In May 2014, Ian Glazer posted a draft of his Laws of Relationships (for Identity Management). In June he presented these at the IRM Summit. Ian is a member of the Kantara working group on Identity Relationship Management and he has ‘donated’ his Laws to that initiative. It is to Ian’s credit that he actually asked his audiences to turn on their ‘BS detectors’ and to challenge his thinking at will.
This post is the fourth in a series I am writing on the Laws.
- Did Occam forget the bins? (Preamble to the series)
- To bind or not to bind? (The second axiom: Actionable)
- Oh what a tangled web. (The first axiom: Scalable)
- Unfinished business: Scaling relationships Part 2 (More on the first axiom)
- Square instances and round categories (The Types: Immutable, Contextual, Transferable)
That axiom states,
Clearly the future holds more of everything for identity management. Relationship management much be scalable in terms of the number of actors, relationships, and attributes. But those three axes are insufficient, we must also keep in mind scalability of administration.
In my previous discussion I stuck to the actors-and-relationships part of this proposition.
But Ian also lists attributes and administration as factors of relationship management that must scale.
I don’t think they are axiomatic per se as I don’t see them as definitive, or as foundations principles from which other functions or concepts are derived.
I do think they matter and are worth considering.
The administration of digital identity – and all that is entailed – is a discipline in its own right. And depending on the scale of your organisation, or the scope of the technology you are developing it can present a very complex set of challenges.
It is also a game in which I have quite a bit of skin. (1)
So allow me to cut straight to the chase.
Scaling administration is not a technical problem. It won’t be solved with new protocols, languages, standards, or software systems (though such things won’t hurt).
Scaling administration is first and foremost a business problem and requires a better management approach. You have to structure organisations to manage identity as you would any other capability.
If you are big enough to be an identity provider then you are too big to keep the management of digital identity in a single-function box. (2) Digital identity services are too complex in many organisations to be regarded as a simple back-office end-to-end system function. If you do that, your ‘administration’ will never ‘scale’.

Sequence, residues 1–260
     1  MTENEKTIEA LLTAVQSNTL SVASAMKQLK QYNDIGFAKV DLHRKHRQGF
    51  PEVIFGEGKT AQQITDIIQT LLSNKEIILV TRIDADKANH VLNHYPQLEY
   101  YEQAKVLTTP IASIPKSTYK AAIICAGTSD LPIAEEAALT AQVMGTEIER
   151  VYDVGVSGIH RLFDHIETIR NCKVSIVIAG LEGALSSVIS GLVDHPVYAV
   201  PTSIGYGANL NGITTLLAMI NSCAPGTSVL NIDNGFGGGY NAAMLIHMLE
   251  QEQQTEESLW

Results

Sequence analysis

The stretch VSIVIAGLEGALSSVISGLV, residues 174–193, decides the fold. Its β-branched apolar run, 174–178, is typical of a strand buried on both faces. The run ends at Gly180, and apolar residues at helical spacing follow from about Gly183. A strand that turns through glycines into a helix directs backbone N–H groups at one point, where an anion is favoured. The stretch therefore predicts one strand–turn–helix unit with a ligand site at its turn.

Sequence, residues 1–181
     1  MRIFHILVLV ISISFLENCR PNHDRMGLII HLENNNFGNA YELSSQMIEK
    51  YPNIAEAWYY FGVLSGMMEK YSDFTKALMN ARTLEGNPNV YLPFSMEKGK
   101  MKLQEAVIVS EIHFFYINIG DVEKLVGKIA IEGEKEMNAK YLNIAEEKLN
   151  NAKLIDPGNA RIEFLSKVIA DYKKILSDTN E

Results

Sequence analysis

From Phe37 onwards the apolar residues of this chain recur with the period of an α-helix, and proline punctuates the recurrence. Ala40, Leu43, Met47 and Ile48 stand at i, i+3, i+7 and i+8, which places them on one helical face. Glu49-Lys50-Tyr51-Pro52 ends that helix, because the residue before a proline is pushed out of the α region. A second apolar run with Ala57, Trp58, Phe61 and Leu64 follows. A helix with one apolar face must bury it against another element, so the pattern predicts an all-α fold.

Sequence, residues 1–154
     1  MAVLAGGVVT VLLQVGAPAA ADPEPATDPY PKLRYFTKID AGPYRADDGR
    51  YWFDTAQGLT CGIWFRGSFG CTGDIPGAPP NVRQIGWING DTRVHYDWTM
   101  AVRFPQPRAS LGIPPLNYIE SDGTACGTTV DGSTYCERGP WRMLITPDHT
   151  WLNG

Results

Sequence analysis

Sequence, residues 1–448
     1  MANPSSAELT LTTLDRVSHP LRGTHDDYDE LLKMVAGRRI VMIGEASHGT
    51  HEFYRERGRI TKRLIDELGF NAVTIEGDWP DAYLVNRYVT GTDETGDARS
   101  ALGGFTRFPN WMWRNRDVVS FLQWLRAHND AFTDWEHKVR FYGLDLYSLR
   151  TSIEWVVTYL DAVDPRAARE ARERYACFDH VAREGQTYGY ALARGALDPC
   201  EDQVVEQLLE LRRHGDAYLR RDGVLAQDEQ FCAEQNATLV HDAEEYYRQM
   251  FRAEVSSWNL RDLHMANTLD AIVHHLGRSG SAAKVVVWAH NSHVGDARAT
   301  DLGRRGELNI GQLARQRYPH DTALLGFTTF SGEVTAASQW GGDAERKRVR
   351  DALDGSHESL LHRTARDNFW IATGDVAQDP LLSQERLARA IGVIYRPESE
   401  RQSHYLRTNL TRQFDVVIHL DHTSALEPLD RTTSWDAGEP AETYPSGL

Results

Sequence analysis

Digital identity services need to be based on platform systems and services that are decomposed into discrete functions with effective operational independence.
In a factored functional business architecture for digital identity services each function,
- is responsible for a defined business object or activity,
- produces and maintains a set of data objects,
- provides a set of defined services to the other capabilities,
- collaborates with the other functions to produce cross-functional identity services.
Factoring identity services to reduces complexity, increase flexibility and scalability, and allows us to better organise the management of technology, processes, skills, responsibilities and budgeting.
Functional modularity allows the production of services that can be composed and tailored in different ways to meet different business requirements.
Services that have been too complex to manage effectively, such as entitlement provisioning, can be composed of more simple services and delivered through the orchestration and coordination of well defined sub-processes.
Such an approach clarifies governance and security requirements. It identifies the business objects, data and services for which each production cycle is responsible. It makes compliance with separation of duties, privacy, and repudiation easier by reducing the data access required to meet production needs.
Following Gartner, the Cloud Security Alliance, NIST, and a bunch of peer-reviewed authors (3) I advocate a four-capability production model:
Identity Information Management
Identity information management is responsible for the production of identity as a business asset.
It ensures that identity data is accurate, safe, controlled and appropriately available through technical and business services.
It defines the digital identity lifecycle and ensures that digital identity data reliably reflects the currents state of each identity holder’s relationship with the organisation.
Entitlement management is responsible for the production of access entitlements as a business services.
It discovers and analyses data about identities, identity domains, business roles, organisational affiliations, and application and service roles and privileges. It creates and maintains entitlement packages and access control models that define how identity holders may access resources.
Access management develops and maintains the infrastructure that provides authentication and authorisation services in access transactions.
It is also responsible for planning and implementing access control models, security policies, that are inputs for entitlement management.
It implements specialised services such as adaptive access control and versatile authentication services, mobile access services and token translation services.
Identity analytics monitors, analyses and reports on the use of identity across the University. It has two distinct areas of responsibility.
It provides business intelligence on the use of identity to ensure the operation of identity services is aligned to business requirements and inform planning.
It provides forensic analysis of improper uses of identity and ensures compliance with important governance objectives such as separation of duties, privacy, and repudiation.
The premise here, and I think it is sound, is that digital identity services are no different from any other in that once you have identified your business objects, you have to organise resources to produce them.
You need a production model that defines,
- business objects
When you consider the skills, information, processes, tools, methods and so on required to effectively execute – at scale – the capabilities I defined above, I hope you will agree you are unlikely to find them all rolled up and competently applied by one team, using one product funded out of one cost center in your ERP.